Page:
The Untold Story of the Six Women Who Programmed the World’s First Modern Computer
A fascinating, forgotten story of the six brilliant women who launched modern computing.
Winner of the IEEE William and Joyce Middleton Electrical Engineering History Award
As the Cold War began, America’s race for tech supremacy was taking off. Experts rushed to complete the top-secret computing research started during World War II, among them six gifted mathematicians: a patriotic Quaker, a Jewish bookworm, a Yugoslav genius, a native Gaelic speaker, a sophomore from the Bronx, and a farmer’s daughter from Missouri. Their mission? Programming the world’s first and only supercomputer—before any code or programming languages existed.
These pioneers triumphed against sexist attitudes and huge technical challenges to invent computer programming, yet their monumental contribution has never been recognised—until now. Over a decade, Kathy Kleiman met with four of the original six ENIAC Programmers and recorded their stories. Here, with a light touch and a serious mind, she exposes the deliberate erasure of their achievements and restores the women to their rightful place as revolutionaries, bringing to life their camaraderie, their determination, and their rapidly changing world.
As big tech struggles with gender inequality and momentum builds in restoring women to history, the time has come for this engrossing story to be uncovered and celebrated.
‘A deeply satisfying book; it is authoritative and technical but comprehensible to a lay reader. And the story is a fine one, told in rich detail. Women remain considerably underrepresented in computer science today, and Proving Ground should be required reading in classrooms around the world.’ — TLS
‘Kleiman became obsessed with learning the identities of all the earliest women programmers. The result of that magnificent obsession was a documentary in 2014 and this book, which melds social history with the major events of the second world war and the biographies of these six remarkable pioneers to produce an irresistible narrative.’ ― The Guardian
‘Kleiman’s persistence in sleuthing out the story of the ENIAC 6 programmers has resulted in an admirable contribution to the historical record and a labor of love.’ — Wall Street Journal
‘Kleiman has a novelist’s gift for crafting a page-turning narrative, and the one on offer is both revelatory and inspiring. Fans of Dava Sobel’s The Glass Universe and Margot Lee Shetterly’s Hidden Figures are in for a treat.’ — Publishers Weekly (starred review)
‘An important and inspiring little-known narrative in modern computing history.’ — Kirkus Reviews
‘While early women programming pioneers Ada Lovelace and Grace Hopper have taken their place in the annals of computer history, Kleiman shows us that there were other women programmers — like the ENIAC 6 — who deserve to be recognised as well.’ ― Associated Press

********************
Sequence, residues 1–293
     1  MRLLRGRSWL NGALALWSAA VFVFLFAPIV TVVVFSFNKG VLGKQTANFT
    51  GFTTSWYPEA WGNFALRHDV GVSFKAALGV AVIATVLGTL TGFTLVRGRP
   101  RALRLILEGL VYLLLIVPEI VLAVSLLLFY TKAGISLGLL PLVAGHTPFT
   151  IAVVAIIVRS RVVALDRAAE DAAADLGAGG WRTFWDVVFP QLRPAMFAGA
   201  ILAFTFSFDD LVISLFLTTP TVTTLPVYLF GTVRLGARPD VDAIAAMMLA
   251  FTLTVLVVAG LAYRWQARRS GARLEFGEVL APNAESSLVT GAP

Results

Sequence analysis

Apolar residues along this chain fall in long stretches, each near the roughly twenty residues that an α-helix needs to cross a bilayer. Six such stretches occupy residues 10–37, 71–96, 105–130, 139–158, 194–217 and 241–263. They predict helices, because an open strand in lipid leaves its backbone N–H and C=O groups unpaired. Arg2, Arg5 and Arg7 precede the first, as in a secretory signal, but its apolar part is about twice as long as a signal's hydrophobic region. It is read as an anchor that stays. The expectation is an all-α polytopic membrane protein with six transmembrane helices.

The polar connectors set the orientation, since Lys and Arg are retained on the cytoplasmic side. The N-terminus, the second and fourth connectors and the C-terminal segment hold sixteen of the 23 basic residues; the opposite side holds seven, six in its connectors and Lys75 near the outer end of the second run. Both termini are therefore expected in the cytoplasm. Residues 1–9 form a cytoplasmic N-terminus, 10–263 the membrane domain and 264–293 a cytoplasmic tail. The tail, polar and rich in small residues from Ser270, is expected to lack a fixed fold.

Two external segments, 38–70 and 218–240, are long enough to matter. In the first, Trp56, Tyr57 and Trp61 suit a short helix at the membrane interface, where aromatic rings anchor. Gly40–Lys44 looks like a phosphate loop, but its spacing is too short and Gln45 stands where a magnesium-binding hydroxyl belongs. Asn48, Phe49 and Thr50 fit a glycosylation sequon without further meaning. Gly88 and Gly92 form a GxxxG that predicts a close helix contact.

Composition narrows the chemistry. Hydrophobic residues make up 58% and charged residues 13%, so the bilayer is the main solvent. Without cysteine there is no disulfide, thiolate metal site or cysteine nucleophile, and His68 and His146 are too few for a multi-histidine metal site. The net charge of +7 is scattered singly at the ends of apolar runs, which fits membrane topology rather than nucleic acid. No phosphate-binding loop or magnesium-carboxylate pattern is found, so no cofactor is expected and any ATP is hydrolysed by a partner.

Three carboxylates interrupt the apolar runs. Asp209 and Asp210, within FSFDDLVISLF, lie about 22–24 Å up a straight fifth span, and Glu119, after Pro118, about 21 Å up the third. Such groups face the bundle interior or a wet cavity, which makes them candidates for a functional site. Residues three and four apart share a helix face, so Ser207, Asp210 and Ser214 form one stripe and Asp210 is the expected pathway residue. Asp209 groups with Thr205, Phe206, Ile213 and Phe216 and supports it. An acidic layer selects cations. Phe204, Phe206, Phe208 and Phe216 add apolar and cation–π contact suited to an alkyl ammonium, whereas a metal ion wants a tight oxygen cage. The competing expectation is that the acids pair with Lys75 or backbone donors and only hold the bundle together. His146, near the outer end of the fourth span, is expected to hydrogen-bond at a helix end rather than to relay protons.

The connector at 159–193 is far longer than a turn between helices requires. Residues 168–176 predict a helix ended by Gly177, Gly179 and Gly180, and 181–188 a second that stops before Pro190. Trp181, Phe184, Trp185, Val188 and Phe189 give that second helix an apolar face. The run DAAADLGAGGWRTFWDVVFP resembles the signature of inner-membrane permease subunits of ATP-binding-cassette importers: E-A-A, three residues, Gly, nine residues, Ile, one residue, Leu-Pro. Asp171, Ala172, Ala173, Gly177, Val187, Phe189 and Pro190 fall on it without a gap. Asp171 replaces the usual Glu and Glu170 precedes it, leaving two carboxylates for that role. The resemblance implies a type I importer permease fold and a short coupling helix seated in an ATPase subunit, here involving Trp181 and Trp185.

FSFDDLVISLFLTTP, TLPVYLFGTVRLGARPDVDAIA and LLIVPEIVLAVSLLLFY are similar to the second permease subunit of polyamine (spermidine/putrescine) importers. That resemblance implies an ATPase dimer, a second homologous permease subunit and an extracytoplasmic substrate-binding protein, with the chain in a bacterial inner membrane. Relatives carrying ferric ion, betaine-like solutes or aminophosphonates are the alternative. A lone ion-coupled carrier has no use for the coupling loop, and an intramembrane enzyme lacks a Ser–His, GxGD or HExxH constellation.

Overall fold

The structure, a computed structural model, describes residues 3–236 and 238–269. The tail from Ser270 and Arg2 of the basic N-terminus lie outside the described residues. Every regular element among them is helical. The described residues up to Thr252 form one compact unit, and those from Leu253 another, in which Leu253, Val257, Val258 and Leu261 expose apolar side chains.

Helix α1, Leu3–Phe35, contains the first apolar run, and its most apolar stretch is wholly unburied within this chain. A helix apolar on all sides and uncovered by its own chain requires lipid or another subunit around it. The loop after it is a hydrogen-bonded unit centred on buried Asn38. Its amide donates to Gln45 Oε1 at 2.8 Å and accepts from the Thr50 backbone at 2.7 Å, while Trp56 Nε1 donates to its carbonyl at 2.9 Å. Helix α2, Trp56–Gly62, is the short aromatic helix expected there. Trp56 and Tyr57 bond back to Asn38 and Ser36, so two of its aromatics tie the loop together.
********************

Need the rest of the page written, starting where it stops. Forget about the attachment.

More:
‘Kleiman excels at capturing the pressures of working in technology during a highly stressful period in history, particularly when the results of technological trials directly impacted war efforts. . . [T]he inclusion of direct interviews with the women and the clear passion for their stories make Proving Ground a needed and welcome addition to the shelves of computer history.’ ― Booklist
‘A compelling account of a group of pioneering women.’ ― Library Journal
‘Kathy Kleiman’s debut nonfiction is a celebratory biography of the six women who helped program ENIAC, the first general-purpose computer. In engaging prose, she describes how the women found opportunities during World War II, while many men were overseas, and overcame discrimination and harassment to accomplish their important work.’ — Christian Science Monitor
‘Kleiman explores the lives of [the ENIAC six] and their ground-breaking work in this inspiring history.’ ― Arlington Magazine
‘Proving Ground is the story about how … six women invented programming on the world’s first electronic computer, but it is something more than that. It also chronicles the pervasive roadblocks and disadvantages that women endured throughout the professional world of the 1940s.’ — Electronic Engineering Journal
‘Kathy Kleiman’s courageous pursuit across decades discovering and sharing the story of the extraordinary contribution of these first programmers and founding inventors gives us a gift that can change the future – empowering a more welcoming technical innovation culture for all.’ ― Megan Smith, Former United States Chief Technology Officer and CEO shift7
‘Everyone told Kathy Kleiman that the women she sought did not exist. Thankfully, she didn’t believe them … uncovering the stories of six groundbreaking women who battled sexism, complex trajectory equations, and blown vacuum tubes in order to program the world’s first digital computer. With unforgettable prose … a book so deeply inspiring that it has the power to completely alter how we see the technology field and the role of women within it.’ — Nathalia Holt, New York Times bestselling author of Rise of the Rocket Girls
‘Kleiman restores the ENIAC 6 to their rightful, lauded place in the history of computing … each of them comes vibrantly and vividly alive in her writing. Their story will serve as inspiration for generations of women in STEM.’ — Keith O’Brien, New York Times bestselling author of Fly Girls
Kathy Kleiman is a leader in Internet law and policy, teaching at American University Washington College of Law. She founded the ENIAC Programmers Project, whose documentary The Computers premiered at the Seattle International Film Festival, and won the Grand Jury Award For Best Short Documentary at the United Nations Association Film Festival.